If you or your spouse is eligible for a pension benefit, you must choose how to receive that money. Weighing the pros and cons of both options can leave the married retiree in a bit of a pickle, hence the “pension dilemma.” The two most common benefit options are:
- Single life option – offers the retiree the higher retirement benefit, but income stops upon the retiree’s death.
- Joint and survivor income option – provides a lower benefit that lasts for the life of the retiree and his or her spouse. Given the pros and cons of both options, the married retiree is in a bit of a predicament, which is often referred to as the “pension dilemma.”
As you carefully review these options, keep in mind that there may be an actual “third” income option.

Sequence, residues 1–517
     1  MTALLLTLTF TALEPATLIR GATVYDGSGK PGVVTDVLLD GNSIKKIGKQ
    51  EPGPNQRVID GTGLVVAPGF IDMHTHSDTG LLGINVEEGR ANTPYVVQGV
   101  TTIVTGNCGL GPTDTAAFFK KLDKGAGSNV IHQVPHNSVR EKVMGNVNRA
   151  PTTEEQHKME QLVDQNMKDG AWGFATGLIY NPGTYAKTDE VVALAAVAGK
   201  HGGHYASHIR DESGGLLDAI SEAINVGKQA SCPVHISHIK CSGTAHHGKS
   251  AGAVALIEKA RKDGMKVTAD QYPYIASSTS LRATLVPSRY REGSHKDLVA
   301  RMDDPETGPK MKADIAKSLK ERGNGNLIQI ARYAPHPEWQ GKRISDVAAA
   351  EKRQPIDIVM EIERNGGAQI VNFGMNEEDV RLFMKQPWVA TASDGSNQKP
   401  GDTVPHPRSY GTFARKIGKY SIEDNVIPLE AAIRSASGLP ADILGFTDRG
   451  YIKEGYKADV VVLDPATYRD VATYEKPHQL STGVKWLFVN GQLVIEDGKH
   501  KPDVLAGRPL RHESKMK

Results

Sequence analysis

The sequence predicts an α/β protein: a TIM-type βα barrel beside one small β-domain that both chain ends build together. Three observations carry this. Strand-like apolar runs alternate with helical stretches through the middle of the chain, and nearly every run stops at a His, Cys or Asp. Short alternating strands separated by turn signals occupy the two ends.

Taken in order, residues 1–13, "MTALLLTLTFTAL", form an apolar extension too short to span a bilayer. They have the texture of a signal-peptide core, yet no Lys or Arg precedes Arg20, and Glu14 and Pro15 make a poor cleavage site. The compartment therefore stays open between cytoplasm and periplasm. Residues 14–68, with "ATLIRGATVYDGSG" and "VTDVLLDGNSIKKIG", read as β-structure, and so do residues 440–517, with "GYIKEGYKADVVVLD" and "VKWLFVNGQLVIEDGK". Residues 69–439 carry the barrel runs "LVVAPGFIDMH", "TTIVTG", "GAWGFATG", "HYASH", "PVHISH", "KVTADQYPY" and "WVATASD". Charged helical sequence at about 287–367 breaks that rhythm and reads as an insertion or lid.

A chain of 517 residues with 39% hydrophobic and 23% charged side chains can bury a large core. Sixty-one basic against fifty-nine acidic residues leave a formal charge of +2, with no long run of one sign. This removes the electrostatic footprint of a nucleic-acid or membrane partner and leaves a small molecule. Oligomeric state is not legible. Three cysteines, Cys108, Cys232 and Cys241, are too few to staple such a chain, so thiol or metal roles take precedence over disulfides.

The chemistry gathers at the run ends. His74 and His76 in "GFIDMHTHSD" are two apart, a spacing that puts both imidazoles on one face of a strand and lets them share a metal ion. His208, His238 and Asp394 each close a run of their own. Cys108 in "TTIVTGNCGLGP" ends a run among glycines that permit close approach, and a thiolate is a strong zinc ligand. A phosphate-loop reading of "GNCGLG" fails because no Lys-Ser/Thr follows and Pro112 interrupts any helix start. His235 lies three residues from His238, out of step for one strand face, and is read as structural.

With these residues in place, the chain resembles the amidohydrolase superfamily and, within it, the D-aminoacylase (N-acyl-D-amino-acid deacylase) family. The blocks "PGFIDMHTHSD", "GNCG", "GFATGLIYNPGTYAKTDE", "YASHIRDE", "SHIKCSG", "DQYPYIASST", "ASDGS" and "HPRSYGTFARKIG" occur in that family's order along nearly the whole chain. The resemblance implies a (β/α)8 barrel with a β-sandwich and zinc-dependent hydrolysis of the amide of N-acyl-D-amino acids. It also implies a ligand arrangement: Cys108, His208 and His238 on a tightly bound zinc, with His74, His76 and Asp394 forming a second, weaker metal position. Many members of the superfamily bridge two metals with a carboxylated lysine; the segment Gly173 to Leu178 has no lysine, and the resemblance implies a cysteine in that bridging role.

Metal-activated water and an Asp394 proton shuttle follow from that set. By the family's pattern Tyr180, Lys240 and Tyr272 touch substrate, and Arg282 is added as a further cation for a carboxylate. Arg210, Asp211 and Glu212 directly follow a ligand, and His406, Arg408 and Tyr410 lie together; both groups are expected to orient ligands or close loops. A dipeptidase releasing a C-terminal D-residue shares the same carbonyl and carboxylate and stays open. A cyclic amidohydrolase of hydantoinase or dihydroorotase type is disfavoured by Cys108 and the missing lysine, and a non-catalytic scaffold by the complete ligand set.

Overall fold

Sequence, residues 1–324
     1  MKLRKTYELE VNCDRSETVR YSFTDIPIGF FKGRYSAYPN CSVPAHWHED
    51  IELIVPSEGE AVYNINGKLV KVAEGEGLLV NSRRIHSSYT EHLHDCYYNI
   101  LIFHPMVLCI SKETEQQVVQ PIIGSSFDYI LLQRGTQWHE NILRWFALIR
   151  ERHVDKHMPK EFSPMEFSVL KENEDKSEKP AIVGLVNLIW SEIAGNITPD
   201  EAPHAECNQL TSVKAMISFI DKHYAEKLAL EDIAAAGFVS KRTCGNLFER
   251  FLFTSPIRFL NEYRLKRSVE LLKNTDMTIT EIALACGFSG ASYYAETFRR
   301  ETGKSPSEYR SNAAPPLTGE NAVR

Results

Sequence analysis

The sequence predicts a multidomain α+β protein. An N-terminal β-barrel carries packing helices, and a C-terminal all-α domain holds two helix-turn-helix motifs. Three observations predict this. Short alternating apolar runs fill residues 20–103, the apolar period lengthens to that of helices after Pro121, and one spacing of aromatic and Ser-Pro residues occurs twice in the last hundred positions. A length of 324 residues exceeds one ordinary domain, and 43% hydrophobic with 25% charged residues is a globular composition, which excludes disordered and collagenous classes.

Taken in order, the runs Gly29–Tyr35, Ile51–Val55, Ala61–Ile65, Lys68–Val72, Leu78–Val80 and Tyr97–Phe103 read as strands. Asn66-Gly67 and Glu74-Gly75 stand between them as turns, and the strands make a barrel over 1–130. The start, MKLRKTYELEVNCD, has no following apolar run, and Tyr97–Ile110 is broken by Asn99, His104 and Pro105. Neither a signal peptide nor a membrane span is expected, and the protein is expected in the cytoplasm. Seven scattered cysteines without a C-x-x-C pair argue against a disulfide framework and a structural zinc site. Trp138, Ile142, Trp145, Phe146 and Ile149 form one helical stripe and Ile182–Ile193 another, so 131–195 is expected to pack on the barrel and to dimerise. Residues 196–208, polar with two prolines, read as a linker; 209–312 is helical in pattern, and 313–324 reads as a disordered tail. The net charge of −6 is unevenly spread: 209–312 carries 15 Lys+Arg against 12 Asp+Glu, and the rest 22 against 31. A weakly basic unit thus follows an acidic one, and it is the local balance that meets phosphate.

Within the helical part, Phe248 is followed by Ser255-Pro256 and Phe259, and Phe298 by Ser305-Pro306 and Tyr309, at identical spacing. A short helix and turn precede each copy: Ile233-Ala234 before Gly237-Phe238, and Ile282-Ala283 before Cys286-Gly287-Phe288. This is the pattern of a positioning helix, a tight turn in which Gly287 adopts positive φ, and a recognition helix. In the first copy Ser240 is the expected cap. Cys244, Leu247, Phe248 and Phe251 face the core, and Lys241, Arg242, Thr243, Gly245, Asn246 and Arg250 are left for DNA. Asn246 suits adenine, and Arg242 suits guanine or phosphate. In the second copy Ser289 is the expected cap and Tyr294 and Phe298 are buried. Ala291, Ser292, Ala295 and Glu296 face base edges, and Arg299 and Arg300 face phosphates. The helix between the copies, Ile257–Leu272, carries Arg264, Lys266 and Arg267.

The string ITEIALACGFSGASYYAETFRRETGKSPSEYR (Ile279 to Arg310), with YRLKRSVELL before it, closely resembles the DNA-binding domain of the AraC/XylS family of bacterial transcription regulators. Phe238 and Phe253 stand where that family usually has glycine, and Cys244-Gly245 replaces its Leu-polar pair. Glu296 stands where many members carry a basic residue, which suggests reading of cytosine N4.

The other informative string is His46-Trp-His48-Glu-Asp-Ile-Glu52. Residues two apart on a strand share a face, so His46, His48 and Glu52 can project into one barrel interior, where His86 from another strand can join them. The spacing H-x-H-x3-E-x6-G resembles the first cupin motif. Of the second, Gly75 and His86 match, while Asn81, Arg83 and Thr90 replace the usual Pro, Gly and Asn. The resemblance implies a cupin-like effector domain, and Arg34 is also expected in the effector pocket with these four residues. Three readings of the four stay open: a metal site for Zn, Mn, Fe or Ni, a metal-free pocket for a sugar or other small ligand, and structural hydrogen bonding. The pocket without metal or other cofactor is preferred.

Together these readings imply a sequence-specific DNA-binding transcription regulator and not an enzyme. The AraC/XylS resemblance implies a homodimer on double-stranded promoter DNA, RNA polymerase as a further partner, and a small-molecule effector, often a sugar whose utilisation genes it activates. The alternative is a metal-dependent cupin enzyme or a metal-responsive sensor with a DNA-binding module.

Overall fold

- Pension maximization option – this third option, which may or may not be appropriate for everyone, is really a combination of the single life option and life insurance. By taking the higher benefit and using some of it to pay the premiums on a life insurance policy, you may be able to “net” more than you would with the joint and survivorship option. If you pass away first, the policy’s death benefit can provide your surviving spouse with a source of income to replace your discontinued pension benefit. If your spouse dies first, you may either surrender your policy for its cash value or change the designated beneficiary to another heir. (Note: The success of this strategy may depend on your age, your health, the type of insurance policy, and the schedule of premium payments.) Before proceeding, it is important that you consult with your trusted financial professional.